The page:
• Hang in there. You are not alone, your child can heal, really they can.


Lisa said...

Amen! Amen! Amen!

Sarah said...

I agree with Lisa- Amen!
I get discouraged. Often. But when I look back at where we used to be and where we are now- we truly are making progress. It is SO important to stay hopeful. The best thing I ever did for myself, and for my son, was to stop listening to friends who have bio kids.

GB's Mom said...

Amen- Timely post! I don't see progress day to day, but when I look back, it is hard to believe we have come that far :)

Diana said...

Another AMEN here. You're spot on! It takes a LLLLOOOONNNNNGGGGG time, but healing does happen. If it's not happening for you, try something different and keep doing it until you find something that does work.

There's one more thing I want to add, though. I think this goes right along with, or maybe even above the patient pants...because, really, this is HOW we find our patient pants. If you want your kids to heal, clean out your own emotional closet. Unpack the baggage, take it to the cleaners, get your own stuff in order, and deal with your own issues. If you don't do it voluntarily, your kids will force it upon you.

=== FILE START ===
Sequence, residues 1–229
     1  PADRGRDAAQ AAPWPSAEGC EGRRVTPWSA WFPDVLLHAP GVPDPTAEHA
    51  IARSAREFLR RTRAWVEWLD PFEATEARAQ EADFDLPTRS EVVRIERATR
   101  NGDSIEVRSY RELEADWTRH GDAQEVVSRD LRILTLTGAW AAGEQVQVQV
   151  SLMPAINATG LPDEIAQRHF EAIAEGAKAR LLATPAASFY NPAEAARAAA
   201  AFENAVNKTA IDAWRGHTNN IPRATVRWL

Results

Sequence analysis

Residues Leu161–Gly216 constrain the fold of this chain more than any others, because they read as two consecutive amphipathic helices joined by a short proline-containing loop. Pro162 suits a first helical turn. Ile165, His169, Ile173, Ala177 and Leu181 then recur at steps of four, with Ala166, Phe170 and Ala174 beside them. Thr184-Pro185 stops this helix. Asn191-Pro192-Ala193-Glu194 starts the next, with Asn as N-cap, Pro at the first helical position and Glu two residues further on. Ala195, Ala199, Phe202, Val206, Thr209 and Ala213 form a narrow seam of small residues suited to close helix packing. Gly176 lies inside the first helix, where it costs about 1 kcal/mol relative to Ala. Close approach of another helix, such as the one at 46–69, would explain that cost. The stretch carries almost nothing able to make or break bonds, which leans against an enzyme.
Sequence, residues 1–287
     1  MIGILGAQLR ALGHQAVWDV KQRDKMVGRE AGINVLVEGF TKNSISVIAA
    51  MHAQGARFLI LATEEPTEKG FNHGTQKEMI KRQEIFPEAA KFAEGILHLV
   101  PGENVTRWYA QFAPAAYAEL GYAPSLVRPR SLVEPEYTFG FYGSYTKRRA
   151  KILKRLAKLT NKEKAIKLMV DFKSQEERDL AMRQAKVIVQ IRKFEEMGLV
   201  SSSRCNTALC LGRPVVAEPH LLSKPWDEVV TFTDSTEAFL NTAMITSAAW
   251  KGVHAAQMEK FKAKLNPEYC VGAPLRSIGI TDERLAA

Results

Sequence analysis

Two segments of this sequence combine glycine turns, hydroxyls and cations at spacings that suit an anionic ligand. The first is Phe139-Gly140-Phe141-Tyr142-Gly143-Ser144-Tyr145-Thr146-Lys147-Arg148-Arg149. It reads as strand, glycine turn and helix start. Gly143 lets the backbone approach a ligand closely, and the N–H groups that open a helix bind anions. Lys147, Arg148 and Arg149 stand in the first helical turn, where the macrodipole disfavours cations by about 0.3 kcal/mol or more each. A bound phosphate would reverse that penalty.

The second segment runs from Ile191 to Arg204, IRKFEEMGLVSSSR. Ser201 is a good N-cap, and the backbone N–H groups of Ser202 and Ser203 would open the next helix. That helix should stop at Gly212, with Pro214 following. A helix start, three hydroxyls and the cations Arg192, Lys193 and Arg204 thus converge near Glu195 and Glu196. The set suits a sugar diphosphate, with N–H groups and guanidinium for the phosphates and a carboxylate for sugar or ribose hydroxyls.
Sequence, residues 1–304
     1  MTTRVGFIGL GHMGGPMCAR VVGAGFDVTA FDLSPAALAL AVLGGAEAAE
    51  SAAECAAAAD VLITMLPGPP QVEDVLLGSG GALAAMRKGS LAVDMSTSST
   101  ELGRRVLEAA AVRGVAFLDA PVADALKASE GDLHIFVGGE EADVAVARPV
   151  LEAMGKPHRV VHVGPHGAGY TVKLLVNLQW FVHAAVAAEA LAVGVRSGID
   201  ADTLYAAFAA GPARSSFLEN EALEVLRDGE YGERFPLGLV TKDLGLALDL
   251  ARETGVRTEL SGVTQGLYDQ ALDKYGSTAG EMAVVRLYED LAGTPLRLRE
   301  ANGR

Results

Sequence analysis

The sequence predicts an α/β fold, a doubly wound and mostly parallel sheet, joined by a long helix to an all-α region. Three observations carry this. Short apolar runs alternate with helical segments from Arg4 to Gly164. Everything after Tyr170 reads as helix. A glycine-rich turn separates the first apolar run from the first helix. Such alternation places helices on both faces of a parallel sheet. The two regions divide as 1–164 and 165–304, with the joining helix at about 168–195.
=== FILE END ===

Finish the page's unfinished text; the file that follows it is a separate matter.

Mama Drama Times Two said...

Wow. Thanks you for sharing your parenting insights with us. I know you "earned" this knowledge through some really hard work with your boys. I am sure that they continue to provide you with additonal learning opportunities on a daily basis! I wish I had some of these tips when I first started foster parenting and before we adopted.

:)De said...

Nice post with great info!


Dia por Dia said...

I needed these reminders today. Thank you for a great post!